This book is meant to be a defense of Catholic social teaching against its American capitalist enemies. In addition to Pius XI’s criticism of international finance, the authors reiterate Leo XIII’s submission of the right of private property to the common good and the general condemnation of the “absolute autonomy” of financial and other markets. They also cite the American “theocon” critique of Benedict XVI’s Caritas in Veritate to show us that it’s not just the Argentine pope who thinks little of democratic capitalism. In fact, they could have gone back even further and cited the pioneering development economist Peter Bauer’s 1981 critique of Pope Paul VI’s Populorum Progressio and Octogesima Adveniens, entitled “Ecclesiastical Economics: Envy Legitimized.” Apparently free-market economics and Catholic social teaching have never been on good terms.

Having worked at the Pontifical Council for Justice and Peace during the writing of its Compendium of the Social Doctrine of the Church, I am well aware of the difficulties of presenting Catholic social teaching in a way that is both faithful to the Church’s evangelical mission and relevant to today’s world. Merely listing the principles of Catholic social teaching without venturing any kind of application to current realities is surely not enough, but neither have bishops or clergy in general shown themselves capable of exercising sound prudential judgement on socio-economic matters. This is why the bishops and clergy should let the Catholic laity develop applications of the principles in light of the various contingencies and circumstances that naturally exist. In fact, Tornielli and Galeazzi do just this when they interview Italian Catholic economists Ettore Gotti Tedeschi and Stefano Zamagni, each of whom has his legitimately diverse way of thinking about economics, and Argentine priest Carlos Olivero who ministers to the poor in the slums of Buenos Aires. This is what an economist would call a beneficial division of labor within the Church, with faith and science working together for the common good. I don’t know why they didn’t attempt to speak to any of the critics they name in the book, but they should have.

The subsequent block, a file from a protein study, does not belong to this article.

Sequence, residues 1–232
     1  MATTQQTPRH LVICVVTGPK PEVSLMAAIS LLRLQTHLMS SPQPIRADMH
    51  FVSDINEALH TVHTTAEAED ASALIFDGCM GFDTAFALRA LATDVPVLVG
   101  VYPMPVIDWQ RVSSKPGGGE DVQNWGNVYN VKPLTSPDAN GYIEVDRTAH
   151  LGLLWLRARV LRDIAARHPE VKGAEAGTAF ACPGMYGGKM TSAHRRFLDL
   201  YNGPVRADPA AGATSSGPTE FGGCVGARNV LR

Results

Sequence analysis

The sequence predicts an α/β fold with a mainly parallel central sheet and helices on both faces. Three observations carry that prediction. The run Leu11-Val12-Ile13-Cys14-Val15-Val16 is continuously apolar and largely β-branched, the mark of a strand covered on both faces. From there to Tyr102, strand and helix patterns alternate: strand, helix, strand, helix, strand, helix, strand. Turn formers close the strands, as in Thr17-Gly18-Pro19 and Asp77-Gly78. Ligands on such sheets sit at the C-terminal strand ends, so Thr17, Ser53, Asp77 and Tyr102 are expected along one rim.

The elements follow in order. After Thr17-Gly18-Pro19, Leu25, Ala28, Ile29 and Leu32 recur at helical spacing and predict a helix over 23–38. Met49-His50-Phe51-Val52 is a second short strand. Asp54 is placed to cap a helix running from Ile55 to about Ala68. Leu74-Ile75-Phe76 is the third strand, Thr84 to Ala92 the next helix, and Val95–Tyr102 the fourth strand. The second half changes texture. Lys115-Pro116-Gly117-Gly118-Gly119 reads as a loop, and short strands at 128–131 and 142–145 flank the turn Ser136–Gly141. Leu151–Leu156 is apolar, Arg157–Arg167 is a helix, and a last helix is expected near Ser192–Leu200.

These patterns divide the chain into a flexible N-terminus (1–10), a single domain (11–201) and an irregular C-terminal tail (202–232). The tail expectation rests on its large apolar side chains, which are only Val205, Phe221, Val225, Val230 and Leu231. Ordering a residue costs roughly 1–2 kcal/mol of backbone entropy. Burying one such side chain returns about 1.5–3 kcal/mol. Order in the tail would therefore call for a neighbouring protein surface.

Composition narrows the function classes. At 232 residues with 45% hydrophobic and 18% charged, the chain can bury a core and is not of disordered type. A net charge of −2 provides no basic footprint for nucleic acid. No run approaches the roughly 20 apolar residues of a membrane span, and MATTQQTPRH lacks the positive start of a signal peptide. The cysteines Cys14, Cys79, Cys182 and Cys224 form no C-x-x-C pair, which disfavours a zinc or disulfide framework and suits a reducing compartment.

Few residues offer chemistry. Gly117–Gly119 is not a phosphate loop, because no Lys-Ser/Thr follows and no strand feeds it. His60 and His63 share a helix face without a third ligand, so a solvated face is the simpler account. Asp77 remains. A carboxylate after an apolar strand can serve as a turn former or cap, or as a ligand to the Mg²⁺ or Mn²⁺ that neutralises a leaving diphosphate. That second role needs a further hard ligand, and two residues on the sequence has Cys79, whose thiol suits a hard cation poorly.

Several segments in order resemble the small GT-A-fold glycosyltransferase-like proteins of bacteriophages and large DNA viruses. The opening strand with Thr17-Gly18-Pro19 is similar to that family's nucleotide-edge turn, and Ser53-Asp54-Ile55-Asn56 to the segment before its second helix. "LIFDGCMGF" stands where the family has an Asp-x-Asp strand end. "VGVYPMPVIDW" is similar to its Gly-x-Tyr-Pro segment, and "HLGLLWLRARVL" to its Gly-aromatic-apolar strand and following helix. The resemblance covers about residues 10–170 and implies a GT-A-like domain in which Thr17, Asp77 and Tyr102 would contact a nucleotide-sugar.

The title of this review, “Economic Manicheanism at the Vatican,” is meant to highlight the deeply polemical and moralistic tone of the book. Heretical Manicheans in the third and fourth centuries A.D. saw good and evil as competing, co-equal forces in the world, rather than evil as the lack of or rejection of the good that comes from the Creator. It is unfortunate that a defense of Catholic social teaching and Pope Francis is so single-mindedly aimed at many who consider themselves faithful Catholics without seeking to engage in a constructive dialogue, especially when dialogue seems to be in such good favor with the pope himself. It is sadder still when we accept the moral obligation to help the poor in ways respectful of their human dignity and, every now and then, through experimentation, ingenuity, hard work and good luck, have found effective means to do so. Many Italians the world over know this from personal experience and common sense; Tornielli and Galeazzi do not.

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Kishore Jayabalan is director of Istituto Acton, the Acton Institute's Rome office. Formerly, he worked for the Vatican's Pontifical Council for Justice and Peace as an analyst for environmental and disarmament issues and desk officer for English-speaking countries. Kishore Jayabalan earned a B.A. in political science and economics from the University of Michigan, Ann Arbor. He worked as an international economist for the Bureau of Labor Statistics in Washington, D.C. and then graduated with an M.A. in political science from the University of Toronto.